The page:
Heggs v. City of New York et al

Filing 91

ORDER terminating 89 Letter Motion for Local Rule 37.2 Conference. By separate order, this case is referred to Magistrate Judge Netburn for purposes of general pre-trial. Plaintiff may raise these issues before Judge Netburn. SO ORDERED. (Signed by Judge Ronnie Abrams on 2/16/2021) (rj)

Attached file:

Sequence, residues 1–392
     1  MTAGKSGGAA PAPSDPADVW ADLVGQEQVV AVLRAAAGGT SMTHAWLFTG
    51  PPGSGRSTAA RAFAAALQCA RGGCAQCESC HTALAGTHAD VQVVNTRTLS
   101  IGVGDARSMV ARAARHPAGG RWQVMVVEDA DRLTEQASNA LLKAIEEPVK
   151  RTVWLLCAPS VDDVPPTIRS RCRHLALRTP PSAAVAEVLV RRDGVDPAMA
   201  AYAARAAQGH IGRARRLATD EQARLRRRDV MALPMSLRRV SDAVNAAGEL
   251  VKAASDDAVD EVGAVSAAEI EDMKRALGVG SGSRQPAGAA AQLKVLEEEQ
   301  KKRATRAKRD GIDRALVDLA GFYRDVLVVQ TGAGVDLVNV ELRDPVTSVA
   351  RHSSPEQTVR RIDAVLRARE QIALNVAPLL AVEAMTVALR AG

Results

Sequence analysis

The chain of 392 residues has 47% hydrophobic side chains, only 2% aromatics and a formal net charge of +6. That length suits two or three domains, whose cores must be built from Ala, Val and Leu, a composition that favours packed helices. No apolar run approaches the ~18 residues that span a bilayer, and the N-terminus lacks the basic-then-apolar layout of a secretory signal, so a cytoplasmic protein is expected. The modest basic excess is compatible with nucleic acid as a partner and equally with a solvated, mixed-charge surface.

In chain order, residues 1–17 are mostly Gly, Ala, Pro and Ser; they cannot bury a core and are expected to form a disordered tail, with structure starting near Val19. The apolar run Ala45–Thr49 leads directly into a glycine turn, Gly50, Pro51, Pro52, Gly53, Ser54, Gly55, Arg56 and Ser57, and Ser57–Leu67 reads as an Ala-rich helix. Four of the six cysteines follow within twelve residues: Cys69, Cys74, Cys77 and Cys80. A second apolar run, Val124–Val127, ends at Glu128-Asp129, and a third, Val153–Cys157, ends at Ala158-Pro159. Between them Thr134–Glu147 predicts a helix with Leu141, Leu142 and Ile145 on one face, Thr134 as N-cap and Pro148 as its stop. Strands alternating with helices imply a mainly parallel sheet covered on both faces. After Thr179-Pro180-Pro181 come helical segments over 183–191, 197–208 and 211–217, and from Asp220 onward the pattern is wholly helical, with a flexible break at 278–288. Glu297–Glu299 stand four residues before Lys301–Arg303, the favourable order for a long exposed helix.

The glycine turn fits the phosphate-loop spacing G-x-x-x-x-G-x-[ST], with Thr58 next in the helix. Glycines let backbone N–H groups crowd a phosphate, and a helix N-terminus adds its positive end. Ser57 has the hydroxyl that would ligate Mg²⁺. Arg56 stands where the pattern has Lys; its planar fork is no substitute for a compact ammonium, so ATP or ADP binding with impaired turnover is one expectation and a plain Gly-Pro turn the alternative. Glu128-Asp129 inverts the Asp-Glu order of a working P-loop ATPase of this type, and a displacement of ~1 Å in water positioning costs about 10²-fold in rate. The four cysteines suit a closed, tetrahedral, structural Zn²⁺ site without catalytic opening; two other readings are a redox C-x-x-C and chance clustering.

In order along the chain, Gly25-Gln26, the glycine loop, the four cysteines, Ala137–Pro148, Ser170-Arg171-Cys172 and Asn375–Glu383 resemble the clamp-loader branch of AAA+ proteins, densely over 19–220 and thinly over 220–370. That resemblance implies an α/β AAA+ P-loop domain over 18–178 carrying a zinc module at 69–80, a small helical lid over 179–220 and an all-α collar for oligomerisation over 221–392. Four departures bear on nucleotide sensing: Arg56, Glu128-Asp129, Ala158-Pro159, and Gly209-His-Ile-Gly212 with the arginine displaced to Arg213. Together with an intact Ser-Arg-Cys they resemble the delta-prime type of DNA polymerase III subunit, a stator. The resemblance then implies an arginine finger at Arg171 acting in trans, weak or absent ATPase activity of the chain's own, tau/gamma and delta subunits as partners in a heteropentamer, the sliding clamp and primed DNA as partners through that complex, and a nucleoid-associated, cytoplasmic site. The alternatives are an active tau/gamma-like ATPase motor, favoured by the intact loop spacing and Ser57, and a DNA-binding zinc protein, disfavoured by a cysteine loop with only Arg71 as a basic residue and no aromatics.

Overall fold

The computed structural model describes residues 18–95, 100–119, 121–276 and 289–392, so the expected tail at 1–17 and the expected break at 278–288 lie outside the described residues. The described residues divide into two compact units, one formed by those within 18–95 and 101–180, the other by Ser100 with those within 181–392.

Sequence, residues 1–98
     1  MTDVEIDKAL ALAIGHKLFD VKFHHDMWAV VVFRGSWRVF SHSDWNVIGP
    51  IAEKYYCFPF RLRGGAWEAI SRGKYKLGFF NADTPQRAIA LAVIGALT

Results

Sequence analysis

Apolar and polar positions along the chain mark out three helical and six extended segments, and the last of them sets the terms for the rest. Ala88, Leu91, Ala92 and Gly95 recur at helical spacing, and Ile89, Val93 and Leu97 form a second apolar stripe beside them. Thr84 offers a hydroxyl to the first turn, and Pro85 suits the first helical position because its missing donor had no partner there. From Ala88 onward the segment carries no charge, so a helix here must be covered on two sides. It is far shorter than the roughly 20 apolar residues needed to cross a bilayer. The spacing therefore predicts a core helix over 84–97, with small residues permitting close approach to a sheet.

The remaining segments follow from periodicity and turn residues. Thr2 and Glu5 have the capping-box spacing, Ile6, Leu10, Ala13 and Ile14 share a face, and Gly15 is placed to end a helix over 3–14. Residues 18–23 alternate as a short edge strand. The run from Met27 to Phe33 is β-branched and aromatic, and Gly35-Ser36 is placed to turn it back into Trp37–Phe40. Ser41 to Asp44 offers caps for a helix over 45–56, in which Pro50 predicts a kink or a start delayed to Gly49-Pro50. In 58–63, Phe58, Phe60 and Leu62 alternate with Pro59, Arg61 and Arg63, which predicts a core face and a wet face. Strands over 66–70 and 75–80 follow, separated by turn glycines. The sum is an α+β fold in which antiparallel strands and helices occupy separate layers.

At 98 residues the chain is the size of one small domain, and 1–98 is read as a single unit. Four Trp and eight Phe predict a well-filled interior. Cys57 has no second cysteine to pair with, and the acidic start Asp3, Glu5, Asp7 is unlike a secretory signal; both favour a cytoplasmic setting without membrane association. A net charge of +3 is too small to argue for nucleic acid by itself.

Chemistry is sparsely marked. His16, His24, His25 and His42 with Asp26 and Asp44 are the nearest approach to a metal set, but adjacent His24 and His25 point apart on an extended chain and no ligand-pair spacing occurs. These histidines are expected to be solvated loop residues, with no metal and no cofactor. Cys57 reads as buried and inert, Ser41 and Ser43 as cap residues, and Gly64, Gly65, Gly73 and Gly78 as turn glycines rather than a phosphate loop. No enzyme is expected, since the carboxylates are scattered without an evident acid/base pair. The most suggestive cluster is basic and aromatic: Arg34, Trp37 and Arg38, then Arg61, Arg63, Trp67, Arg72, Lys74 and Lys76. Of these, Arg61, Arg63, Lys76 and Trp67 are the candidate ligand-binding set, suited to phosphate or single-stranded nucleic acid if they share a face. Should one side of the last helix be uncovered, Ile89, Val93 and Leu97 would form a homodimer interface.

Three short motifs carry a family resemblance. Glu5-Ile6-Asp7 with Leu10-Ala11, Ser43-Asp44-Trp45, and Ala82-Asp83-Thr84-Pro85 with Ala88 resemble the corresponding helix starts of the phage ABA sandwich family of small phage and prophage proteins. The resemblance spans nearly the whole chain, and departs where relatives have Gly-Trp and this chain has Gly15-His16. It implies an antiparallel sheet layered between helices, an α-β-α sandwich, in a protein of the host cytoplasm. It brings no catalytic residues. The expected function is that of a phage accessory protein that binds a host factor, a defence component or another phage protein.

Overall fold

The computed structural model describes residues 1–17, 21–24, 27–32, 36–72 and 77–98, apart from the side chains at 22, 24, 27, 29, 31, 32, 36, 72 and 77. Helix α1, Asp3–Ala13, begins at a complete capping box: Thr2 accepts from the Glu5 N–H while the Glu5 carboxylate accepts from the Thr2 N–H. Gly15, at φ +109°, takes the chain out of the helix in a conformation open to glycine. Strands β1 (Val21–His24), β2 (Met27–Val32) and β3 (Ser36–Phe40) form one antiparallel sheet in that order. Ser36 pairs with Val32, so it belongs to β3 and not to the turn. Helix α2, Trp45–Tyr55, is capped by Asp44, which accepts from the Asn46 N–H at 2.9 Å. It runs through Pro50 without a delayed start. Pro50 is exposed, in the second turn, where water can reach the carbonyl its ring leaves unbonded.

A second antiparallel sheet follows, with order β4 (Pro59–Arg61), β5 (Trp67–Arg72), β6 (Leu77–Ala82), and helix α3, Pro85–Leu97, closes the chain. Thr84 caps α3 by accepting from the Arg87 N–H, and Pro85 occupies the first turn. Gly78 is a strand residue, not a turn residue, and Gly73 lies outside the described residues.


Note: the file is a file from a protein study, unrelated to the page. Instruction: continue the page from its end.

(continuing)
Download PDF